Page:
Programatically Setting Password Policies

Mac OS X, like many operating systems has a robust password policy engine.  One that is not leveraged by default on either Mac OS X client or on Mac OS X Server.  In Mac OS X Server, when using Open Directory, you can easily click on Open Directory in the SERVERS sidebar list of Server Admin and then click on the Settings icon in the Server Admin toolbar.  Here, if you click on Policies you’ll see the available Policies for Open Directory accounts.
However, in order to use Password Policies in non-Directory Services environments (ie – on standalone Mac OS X clients or servers) you’ll need to use the command line.  To set policies, Apple has provided an easy to use command line facility in the form of pwpolicy.  When you use pwpolicy, you will first need to specify the directory node by using an -n option followed by the path to the directory node you will be assigning the password policy to.  In a standalone Mac OS X client environment this would simply be /Local/Default, by default (although you can specify other local directory nodes if you need to).  To see global password policies for all users you can then use the -getglobalpolicy option.  This will show all of the options, whether enabled or not that are available and their current setting:
pwpolicy -n /Local/Default -getglobalpolicy
Which would produce output similar to the following:
usingHistory=0 canModifyPasswordforSelf=1 usingExpirationDate=0 usingHardExpirationDate=0 requiresAlpha=0 requiresNumeric=0 expirationDateGMT=12/31/69 hardExpireDateGMT=12/31/69 maxMinutesUntilChangePassword=0 maxMinutesUntilDisabled=0 maxMinutesOfNonUse=0 maxFailedLoginAttempts=0 minChars=0 maxChars=0 passwordCannotBeName=0 requiresMixedCase=0 requiresSymbol=0 newPasswordRequired=0 minutesUntilFailedLoginReset=0 notGuessablePattern=0
usingHistory=0 canModifyPasswordforSelf=1 usingExpirationDate=0 usingHardExpirationDate=0 requiresAlpha=0 requiresNumeric=0 expirationDateGMT=12/31/69 hardExpireDateGMT=12/31/69 maxMinutesUntilChangePassword=0 maxMinutesUntilDisabled=0 maxMinutesOfNonUse=0 maxFailedLoginAttempts=0 minChars=0 maxChars=0 passwordCannotBeName=0 requiresMixedCase=0 requiresSymbol=0 newPasswordRequired=0 minutesUntilFailedLoginReset=0 notGuessablePattern=0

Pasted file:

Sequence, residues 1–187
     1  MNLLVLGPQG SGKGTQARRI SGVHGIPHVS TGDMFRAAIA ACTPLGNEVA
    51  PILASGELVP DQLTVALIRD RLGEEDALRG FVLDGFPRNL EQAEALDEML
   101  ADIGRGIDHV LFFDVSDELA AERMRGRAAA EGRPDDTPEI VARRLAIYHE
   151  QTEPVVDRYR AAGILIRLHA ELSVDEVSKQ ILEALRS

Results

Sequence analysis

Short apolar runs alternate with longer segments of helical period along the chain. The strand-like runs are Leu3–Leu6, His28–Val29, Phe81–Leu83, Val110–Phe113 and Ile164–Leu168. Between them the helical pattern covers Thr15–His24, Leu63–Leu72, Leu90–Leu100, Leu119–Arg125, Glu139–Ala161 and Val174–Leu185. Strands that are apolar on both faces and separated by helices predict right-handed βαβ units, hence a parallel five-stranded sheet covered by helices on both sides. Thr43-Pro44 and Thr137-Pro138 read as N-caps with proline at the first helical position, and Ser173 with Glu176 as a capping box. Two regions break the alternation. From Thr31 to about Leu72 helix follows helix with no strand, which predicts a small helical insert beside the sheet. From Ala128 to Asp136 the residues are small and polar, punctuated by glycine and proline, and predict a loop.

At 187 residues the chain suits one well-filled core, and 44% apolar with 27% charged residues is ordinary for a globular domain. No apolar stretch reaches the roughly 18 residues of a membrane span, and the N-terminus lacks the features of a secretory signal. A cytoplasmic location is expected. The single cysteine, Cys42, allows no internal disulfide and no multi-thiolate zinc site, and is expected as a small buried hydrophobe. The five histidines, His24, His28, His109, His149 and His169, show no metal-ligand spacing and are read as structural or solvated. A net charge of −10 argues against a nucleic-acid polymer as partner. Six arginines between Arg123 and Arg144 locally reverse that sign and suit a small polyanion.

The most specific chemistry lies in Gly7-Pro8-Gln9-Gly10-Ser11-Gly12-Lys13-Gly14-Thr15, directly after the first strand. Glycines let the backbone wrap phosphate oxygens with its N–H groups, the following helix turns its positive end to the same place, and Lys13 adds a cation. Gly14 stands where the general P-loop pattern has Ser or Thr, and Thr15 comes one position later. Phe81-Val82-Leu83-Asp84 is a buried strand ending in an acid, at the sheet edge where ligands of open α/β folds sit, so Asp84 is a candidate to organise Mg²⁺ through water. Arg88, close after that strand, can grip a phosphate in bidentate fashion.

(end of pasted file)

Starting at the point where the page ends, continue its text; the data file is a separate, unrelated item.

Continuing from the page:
Although these options, by name, are fairly self explanatory it is worth noting that each of the above is explained in more detail in the pwpolicy man page.  Once you have the policies that you would like to set you can then use the -setglobalpolicy option followed by the options that you would like to set.  These options would have a space between each with quotes surrounding the full array.  For example, the following pwpolicy command would set up a policy to change the password every 30 days, with each password having a minimum length of 8 characters, requiring at least one letter and at least one number and would force you to use a password that is different from the last 3 passwords:
pwpolicy -n /Local/Default -setglobalpolicy “minChars=8 requiresAlpha=1 requiresNumeric=1 maxMinutesUntilChangePassword=43200 usingHistory=3 maxFailedLoginAttempts=0″

The pwpolicy can also be used on specific accounts using the -u option in place of the -setglobalpolicy or -getglobalpolicy options.  To see the policies in force for a given account use the -get policy along with the -u followed by the account name, as follows:

pwpolicy -u cedge -getpolicy

For example, you can quickly disable a local account with the following command:

pwpolicy -u cedge -setpolicy isdisabled

Or if you’d rather make that user an administrator:

pwpolicy -u cedge -setpolicy isadminuser

To set that user with the same policies that were indicated in the previous -setglobalpolicy command:

pwpolicy -u cedge -setpolicy “minChars=8 requiresAlpha=1 requiresNumeric=1 maxMinutesUntilChangePassword=43200 usingHistory=3 maxFailedLoginAttempts=0″

Once you start setting global and user policies you’re bound to run into conflicts.  Use the –get-effective-policy to troubleshoot as needed, as follows:

pwpolicy -u cedge –get-effective-policy

Because it’s fairly simple to set policies, if you don’t place them into your image and you don’t have Open Directory then you can still use them by wrapping your required policies into a login hook that runs sudo’d as the user.

5 Comments

  • Robert Hammen
    August 21, 2009 - 5:22 pm | Permalink

    Shouldn’t that first pwpolicy -n /Local/Default -setglobalpolicy be “-getglobalpolicy”?

  • Andy
    July 21, 2010 - 12:01 pm | Permalink

    pwpolicy -u cedge –get-effective-policy should instead read:
    pwpolicy -u cedge –-get-effective-policy

    That one option needs two dashes instead of one like the other options.

    • July 21, 2010 - 2:32 pm | Permalink

      You are correct. I think wordpress is getting rid of the second -. I’ll have to keep an eye out for that in the future!

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  • August 21, 2009 - 5:40 pm | Permalink

    Indeed it should be. Changed. Thanks for the heads up!

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